Lets say, for instance, that the Attribute had a value of 123.456, which is a valid number representation. I mentioned earlier about casting operators on XElement and XAttribute. Well, you can cast this to a double if you prefer to get the value in that type. There is no tedious converting in your own code as the framework can handle that for you. For example:

(double)root.Attribute("Attribute")

That’s it for this post. There will be more on XML and LINQ soon.

Software Development

Introduction to LINQ to XML

Last year I wrote about the new languages features available in C# 3.0 (Anonymous Types, Extension Methods, Automatic Properties, A start on LINQ, Object Initialisers I, Object Initialisers II, & Object Initialisers III) and since then I’ve really got in to LINQ, especially LINQ to XML. The reason for that is that I hate XPath and I see LINQ to XML as a much easier way of querying XML files without faffing about with terse XPath strings. I would much rather have the ability to easily see what is going on with the query than have to figure out why my XPath isn’t working for me.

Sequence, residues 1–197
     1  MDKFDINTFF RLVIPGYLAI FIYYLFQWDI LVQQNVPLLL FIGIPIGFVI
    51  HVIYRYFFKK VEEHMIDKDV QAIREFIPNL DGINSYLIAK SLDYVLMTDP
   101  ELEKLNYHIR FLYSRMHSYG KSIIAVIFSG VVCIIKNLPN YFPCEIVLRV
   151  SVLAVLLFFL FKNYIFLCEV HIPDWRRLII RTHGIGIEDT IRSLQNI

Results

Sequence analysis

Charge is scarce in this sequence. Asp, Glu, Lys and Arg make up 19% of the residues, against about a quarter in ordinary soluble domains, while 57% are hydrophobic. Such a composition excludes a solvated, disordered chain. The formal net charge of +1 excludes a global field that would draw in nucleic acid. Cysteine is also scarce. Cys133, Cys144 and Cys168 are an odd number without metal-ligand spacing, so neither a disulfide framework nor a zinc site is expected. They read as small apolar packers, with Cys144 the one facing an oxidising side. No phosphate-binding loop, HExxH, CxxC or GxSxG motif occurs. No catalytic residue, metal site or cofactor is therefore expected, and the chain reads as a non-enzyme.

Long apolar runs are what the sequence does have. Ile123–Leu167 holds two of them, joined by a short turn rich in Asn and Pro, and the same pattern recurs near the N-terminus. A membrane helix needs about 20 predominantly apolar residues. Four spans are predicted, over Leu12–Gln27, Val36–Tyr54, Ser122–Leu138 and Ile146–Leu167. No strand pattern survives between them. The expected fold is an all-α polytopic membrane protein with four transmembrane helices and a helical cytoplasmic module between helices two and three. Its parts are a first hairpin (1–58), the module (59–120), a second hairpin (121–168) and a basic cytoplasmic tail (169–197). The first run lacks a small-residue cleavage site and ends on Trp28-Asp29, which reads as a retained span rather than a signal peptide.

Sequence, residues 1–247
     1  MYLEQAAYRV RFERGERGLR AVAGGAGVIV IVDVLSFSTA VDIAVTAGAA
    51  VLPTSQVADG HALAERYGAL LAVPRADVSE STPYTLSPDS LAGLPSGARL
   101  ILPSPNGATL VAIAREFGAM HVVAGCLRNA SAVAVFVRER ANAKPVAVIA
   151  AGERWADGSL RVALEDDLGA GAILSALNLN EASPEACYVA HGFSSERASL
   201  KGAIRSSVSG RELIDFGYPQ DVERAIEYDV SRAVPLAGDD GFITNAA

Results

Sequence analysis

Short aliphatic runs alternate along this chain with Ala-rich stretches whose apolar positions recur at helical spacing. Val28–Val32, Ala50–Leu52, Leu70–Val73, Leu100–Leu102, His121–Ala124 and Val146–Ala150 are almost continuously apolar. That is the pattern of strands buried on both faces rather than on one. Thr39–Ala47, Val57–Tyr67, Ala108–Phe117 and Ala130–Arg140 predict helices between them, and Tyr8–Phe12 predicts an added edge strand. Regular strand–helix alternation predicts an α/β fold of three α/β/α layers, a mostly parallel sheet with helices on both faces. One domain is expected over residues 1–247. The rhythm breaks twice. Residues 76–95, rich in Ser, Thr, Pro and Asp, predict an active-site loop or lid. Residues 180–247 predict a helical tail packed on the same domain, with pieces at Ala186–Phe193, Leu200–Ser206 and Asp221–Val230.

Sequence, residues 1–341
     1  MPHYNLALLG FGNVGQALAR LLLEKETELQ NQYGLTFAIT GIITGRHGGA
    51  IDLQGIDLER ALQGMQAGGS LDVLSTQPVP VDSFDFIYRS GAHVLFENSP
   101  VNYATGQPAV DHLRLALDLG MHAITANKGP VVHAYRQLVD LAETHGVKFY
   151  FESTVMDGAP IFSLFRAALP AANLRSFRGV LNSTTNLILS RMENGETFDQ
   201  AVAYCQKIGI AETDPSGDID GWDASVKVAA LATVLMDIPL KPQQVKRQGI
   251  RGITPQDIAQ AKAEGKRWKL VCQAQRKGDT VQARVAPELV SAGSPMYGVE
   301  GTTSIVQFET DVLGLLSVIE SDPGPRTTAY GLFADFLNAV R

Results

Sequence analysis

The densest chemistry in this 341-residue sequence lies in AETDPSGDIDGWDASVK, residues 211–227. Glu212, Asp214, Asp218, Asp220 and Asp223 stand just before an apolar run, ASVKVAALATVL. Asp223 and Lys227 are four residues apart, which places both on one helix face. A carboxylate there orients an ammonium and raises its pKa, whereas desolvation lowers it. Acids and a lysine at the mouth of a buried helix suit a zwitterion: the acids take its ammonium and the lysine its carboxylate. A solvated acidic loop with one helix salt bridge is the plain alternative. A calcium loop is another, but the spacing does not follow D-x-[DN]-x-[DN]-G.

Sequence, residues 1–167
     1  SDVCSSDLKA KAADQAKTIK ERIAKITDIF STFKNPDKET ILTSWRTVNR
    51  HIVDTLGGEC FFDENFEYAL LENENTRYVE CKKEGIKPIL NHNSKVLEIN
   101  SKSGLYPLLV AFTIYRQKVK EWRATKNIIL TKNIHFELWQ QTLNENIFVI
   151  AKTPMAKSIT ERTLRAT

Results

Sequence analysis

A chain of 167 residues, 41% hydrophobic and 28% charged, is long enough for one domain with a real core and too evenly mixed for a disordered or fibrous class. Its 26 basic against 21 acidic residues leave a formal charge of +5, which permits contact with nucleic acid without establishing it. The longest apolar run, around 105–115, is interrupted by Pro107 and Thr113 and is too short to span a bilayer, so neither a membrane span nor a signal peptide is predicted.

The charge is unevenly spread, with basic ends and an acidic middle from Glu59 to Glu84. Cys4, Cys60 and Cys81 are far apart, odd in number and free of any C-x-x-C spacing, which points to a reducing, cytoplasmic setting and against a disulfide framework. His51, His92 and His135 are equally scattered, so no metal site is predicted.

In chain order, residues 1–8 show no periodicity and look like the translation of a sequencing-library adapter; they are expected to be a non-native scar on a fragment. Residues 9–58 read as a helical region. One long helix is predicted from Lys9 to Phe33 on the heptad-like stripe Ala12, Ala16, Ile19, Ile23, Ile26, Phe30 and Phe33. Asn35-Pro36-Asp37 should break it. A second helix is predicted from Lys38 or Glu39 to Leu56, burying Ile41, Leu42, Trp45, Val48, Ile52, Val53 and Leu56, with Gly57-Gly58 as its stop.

However, LINQ to XML is more than just new funky querying mechanisms. There is a whole new set of classes to deal with XML that are much easier and more intuitive than the classes that were provided back with .NET 1.0, in my opinion.

The main two classes in the new way of doing XML are XElement and XAttribute. For example, to create a new element:

XElement root = new XElement("root");

And to add an attribute to that element:

root.Add(new XAttribute(“AttributeName”, “TheValue”));

Which produces the result: <root AttributeName=”TheValue” />

If you look at the intellisense for XElement constructor you’ll see that none of the 5 overloads takes a string. The nearest is an XName. This is because there is an implicit conversion happening between a string and an XName so that creating XElements does not have to be so arduous. It would be quite irritating to have to declare XElement objects like this: